Political arrogance is blinding. It prevents you from seeing what is happening around you. But let’s go step by step. On October 5, a student gave Minister Austin Gatt a piece of her mind because she could no longer suppress the frustration and the anger (in her words) “which had been boiling up for four months while waiting for many long hours on many bus stops”. She told him that “he should be ashamed of himself because of the Arriva service”.
The day after, on October 6, the minister issued a statement. Skilfully identifying himself with the aggrieved party, the minister expressed empathy with the student and, by implication, with all those that are angry and frustrated at the public bus service. He said: “I fully understand the frustration of (student’s name) with Arriva”.
Note the adverb “fully”. It is meant to disarm the sceptical. Condescending and patronising it may well be but politically effective it is. If you understand a problem “fully” there is nothing else that you need be told about it. If you understand the causes of someone’s anger and frustration fully, then she need not protest to bring the causes of her anger and frustration to your attention. Meaning: don’t bother me kid, there is nothing you can tell me that I don’t know.
The minister, an astute communicator, went further. Not only did he underscore his understanding for the aggrieved party in this situation, namely the users of the public transport system, but he also identified himself as their champion against Arriva. Quote: “I will continue hounding Arriva until they deliver the service contracted for and which the travelling public expects.”
Note the use of “hounding” to suggest that he will be a fierce and tireless champion of “the travelling public” against Arriva. Note the future progressive: “I will continue hounding.” Hitting two birds with one stone, it declares a commitment that goes further than momentary political expediency while telling us that he is not a Johnny-come-lately among critics of Arriva.
He will “continue” the fight, ergo he was already fighting and needed nobody’s prompting to challenge the dragon.
More. Having established himself as the tribune of the plebeians, he now presents himself as a student rebel at heart. He said: “I was a student once and I expect nothing less from a student but to speak her mind and publicly express her protests without fear.” How can a rebellious student identify Dr Gatt as an antagonist if the latter is himself one who unapologetically speaks his mind and protests without fear?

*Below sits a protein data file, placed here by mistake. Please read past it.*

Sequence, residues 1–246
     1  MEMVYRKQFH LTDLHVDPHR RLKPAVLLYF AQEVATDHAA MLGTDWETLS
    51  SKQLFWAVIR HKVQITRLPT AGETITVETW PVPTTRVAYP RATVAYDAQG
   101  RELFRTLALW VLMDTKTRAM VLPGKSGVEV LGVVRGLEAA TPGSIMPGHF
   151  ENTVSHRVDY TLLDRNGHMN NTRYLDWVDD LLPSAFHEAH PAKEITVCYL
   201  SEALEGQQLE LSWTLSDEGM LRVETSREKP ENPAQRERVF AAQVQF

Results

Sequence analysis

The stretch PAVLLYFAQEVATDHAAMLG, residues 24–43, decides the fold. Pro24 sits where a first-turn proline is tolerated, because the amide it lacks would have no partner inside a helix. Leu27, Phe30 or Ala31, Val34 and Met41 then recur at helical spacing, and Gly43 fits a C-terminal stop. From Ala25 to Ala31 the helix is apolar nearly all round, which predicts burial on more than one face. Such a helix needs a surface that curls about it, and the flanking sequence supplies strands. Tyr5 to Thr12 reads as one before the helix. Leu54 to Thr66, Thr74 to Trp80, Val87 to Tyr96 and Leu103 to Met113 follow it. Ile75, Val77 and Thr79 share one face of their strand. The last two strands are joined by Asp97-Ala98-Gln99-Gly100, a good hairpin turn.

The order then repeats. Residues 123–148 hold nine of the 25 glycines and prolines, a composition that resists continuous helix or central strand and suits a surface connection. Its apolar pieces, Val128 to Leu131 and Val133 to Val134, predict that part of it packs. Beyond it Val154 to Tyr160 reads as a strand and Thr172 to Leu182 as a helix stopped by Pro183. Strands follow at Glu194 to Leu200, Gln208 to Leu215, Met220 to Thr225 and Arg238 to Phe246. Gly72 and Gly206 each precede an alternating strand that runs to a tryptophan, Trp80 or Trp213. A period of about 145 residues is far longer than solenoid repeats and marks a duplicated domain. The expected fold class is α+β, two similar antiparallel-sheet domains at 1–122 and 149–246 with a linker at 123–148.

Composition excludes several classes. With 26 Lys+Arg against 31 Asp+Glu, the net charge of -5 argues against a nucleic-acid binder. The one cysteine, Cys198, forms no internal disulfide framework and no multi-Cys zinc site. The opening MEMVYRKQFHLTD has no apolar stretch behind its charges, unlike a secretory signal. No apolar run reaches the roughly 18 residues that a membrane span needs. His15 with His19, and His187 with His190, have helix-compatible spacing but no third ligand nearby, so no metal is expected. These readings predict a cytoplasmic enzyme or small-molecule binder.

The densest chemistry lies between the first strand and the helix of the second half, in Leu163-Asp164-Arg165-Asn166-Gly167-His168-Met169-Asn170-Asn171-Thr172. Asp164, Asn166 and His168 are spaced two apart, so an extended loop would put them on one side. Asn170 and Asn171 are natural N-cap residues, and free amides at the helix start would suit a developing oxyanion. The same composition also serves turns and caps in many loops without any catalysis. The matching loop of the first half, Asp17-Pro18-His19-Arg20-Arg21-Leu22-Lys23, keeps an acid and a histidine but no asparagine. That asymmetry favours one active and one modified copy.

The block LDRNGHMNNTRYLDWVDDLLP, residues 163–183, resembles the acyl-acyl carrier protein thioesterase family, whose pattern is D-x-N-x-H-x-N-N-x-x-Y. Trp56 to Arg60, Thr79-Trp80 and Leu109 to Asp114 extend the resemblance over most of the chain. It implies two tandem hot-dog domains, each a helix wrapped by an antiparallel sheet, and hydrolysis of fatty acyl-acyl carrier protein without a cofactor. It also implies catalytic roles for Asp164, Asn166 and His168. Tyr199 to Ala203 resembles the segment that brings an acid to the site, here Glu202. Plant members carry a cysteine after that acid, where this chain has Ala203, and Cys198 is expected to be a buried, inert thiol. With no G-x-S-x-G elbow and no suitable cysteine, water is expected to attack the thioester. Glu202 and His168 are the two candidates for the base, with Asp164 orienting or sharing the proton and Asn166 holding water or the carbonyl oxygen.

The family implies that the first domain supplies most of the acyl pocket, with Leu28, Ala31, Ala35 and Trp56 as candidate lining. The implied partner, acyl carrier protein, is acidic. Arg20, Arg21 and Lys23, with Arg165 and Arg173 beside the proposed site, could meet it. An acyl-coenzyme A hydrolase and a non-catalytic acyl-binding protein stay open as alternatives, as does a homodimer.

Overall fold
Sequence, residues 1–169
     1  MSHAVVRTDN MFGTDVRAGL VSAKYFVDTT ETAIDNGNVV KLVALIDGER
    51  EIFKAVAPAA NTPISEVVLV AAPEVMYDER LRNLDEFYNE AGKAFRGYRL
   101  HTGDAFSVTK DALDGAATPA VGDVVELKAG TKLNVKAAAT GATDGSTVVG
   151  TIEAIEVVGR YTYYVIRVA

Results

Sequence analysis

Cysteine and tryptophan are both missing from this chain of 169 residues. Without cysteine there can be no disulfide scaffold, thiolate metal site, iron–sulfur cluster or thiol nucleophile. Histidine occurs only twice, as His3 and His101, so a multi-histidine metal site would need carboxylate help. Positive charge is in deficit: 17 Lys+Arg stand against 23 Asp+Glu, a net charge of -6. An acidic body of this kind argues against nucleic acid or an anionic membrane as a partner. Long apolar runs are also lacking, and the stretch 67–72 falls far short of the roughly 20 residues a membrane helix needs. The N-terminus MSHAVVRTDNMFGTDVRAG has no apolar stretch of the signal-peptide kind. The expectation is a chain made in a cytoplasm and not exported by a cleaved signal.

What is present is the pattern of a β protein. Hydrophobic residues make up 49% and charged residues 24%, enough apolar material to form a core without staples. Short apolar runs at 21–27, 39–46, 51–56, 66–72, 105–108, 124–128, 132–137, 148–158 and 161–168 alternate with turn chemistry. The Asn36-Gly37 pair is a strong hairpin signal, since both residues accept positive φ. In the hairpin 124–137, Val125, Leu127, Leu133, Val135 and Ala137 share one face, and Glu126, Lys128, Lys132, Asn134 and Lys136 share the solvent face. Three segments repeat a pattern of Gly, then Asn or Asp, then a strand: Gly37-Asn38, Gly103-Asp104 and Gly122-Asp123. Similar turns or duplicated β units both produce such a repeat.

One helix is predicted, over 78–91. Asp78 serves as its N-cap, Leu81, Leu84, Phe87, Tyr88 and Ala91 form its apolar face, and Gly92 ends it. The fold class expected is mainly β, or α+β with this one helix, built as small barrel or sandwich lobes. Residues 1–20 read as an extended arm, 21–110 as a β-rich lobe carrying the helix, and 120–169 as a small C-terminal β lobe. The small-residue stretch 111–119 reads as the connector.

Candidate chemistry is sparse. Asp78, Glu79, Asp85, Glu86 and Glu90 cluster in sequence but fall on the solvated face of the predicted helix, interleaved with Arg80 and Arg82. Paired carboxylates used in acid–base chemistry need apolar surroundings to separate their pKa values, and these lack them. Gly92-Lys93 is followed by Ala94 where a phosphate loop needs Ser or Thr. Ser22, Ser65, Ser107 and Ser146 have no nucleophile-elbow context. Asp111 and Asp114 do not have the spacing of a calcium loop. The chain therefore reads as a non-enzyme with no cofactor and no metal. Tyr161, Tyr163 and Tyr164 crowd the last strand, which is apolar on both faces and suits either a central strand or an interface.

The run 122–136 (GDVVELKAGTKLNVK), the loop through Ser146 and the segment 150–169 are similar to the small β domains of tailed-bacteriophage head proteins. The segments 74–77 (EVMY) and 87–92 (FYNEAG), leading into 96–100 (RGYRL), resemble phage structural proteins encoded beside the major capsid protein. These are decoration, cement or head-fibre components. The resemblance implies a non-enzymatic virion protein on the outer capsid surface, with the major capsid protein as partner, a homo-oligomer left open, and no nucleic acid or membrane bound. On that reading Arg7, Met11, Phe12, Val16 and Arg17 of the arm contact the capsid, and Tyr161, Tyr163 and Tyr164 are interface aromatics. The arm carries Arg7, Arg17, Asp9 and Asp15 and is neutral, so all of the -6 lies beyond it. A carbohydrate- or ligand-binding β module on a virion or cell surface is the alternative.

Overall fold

But what kills me is that not only does he completely ignore the student’s request that he should “apologise to the Maltese bus commuters for his disastrous attempt to reform the bus system” but that, from the dizzy Olympian heights, he practically forgives her for having spoken out. Quote: “I can assure her that there is absolutely no animosity and I consider the case as closed.”
The accused becomes the kind-hearted prosecutor who holds “absolutely no animosity” towards the student who accused him of having bungled what could have been the badly-needed public transport reform. Magnanimously he declares that “he consider(s) the case closed”. Intelligent rhetorical sleight of hand it is but a communications strategy that yields decreasing political returns.
For (to quote from the minister’s October 16 interview with The Sunday Times) “the 10,000 who are crucial to an election” the case is not at all closed. Moreover, for these, the case is not at all that of a protesting student. The case that interests them, a case that precipitates their sense of indignation, is that of a political class that is increasingly disconnected from the real country. It is the minister’s case, not the student.
This case is not, whatever the minister may say, closed. On October 15, Dr Gatt spoke to the media about the public transport system. With the same apparent straightforwardness with which he spoke about the incident at the University 10 days before, he bluntly stated that he is responsible for changes to the routes as these were designed by his ministry. But that is where the straightforwardness ends and the crookedness begins.
The real problem with the new system, he suggests, is not the new design of the routes (an interchange system as opposed to the previous hub-and-spoke one) but Maltese commuters. He is reported to have said that “maybe we were too avant-garde and too innovative and (…) we underestimated the reaction by commuters”. Oh, now I understand, if people are upset, it is their own fault because they are too backward and dumb to appreciate an avant-garde and innovative government.
It is all a matter of perception, the minister says. When, in The Sunday Times interview, he was asked about the massive traffic that we are seeing since the introduction of the new bus service, he coolly replied: “I think it’s more a perception than anything else.” When asked if he thought he should watch his words because “it’s making your (his) party sound very arrogant”, came the ice-cold, lapidary reply: “Perceptions”. If only we were to get our perceptions straight; then we would see how right the minister is.
The original of this post appeared on October 14, in Dr Vella’s regular column in The Times. You can access at it at